Hope for Food Despair

I grew up in an Italian family that loved food. Shopping for high-quality, fresh ingredients was always a top priority. My mother and grandmother were excellent cooks. Most of our meals were a celebration of tasty, home-made foods. An important part of our daily lives revolved around meal preparation and eating delicious, home-cooked meals.

As far back as I can remember, I have always loved fruit. Eating ripe, sweet, juicy fruit makes me happy. Even looking at it brings me pleasure, which explains why I loved going to the grocery store and fruit markets.

But things have changed.

I stopped buying fresh strawberries more than 20 years ago because the quality was so disappointing. Here in Florida, commercial strawberries have been bred for disease-resistance, productivity, and ability to ship and store well. To aid in storage and shipping, packing houses started having strawberries irradiated. The end result of selective breeding and irradiation has been a highly profitable product that looks like a strawberry but tastes like tart cardboard.

The last time I bought some Florida strawberries a few years ago, we ate the ripest ones and then left the less ripe ones on the kitchen counter for a few days to ripen. I was surprised that they remained in suspended animation for more than a week. Home-grown strawberries start spoiling within a day or two of picking. These neither ripened nor spoiled—they just shrank slowly from dehydration. And like just like the “ripe” ones, they had no sweetness and no fragrance. Beyond appearance, there was no resemblance to a real strawberry.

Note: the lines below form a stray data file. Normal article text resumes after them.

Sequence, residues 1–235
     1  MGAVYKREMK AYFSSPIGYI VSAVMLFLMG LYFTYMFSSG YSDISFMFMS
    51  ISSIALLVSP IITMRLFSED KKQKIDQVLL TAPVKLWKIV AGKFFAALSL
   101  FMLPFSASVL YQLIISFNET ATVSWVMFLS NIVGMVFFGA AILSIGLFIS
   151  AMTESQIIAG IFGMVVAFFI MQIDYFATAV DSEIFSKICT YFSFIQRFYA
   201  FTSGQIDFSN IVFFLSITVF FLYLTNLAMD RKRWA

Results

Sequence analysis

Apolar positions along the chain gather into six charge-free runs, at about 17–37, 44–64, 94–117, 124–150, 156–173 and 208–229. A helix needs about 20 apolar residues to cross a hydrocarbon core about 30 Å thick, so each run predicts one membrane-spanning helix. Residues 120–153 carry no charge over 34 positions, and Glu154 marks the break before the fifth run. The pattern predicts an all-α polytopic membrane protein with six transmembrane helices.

In recent years, I have had similar experiences with melons, pears, apples, and other fruits. They look great, but never ripen. And it’s not just the grocery stores because I have tried independent veggie markets, high-priced healthy foods stores, “farmers markets” and road-side stands, and I usually don’t find fruit that will ripen.

I return lots of fruit to the grocery store to get my money back. But there is no satisfaction in that. I don’t want my money back—what I really want is sweet, juicy fruit that is worth eating. I want food that makes me happy and healthy.

I dread going to grocery stores now. Every trip to buy food is disappointing and depressing. For a few years, I thought it was just me. I am just being negative and overly critical. I am just depressed.

But that’s not true! The truth is that it is nearly impossible to buy decent quality fruit anywhere in Tampa. The truth is that we have allowed business interests to ignore basic human interests, like the right to have nutritious, tasty, real foods.

The changes have happened so slowly and pervasively that many people have not noticed. There is nothing to compare to—the quality is universally mediocre. Sadly, many younger Americans have never tasted real food.

Yes, I am feeling despair about our food. But I take hope in small farmers, home gardeners, and the Permaculture movement. A revolution is beginning! People are taking action to grow and distribute real foods. They need our support and participation!

I do have something to compare to—I do have memorie_DSC0084s of beautiful, real food. Foods that my mother and grandmother prepared. Fruits that I found growing wild.

I celebrate these wild raspberries that I picked on Mount Mitchell, North Carolina a few years ago.

They were so fragrant and sweet!



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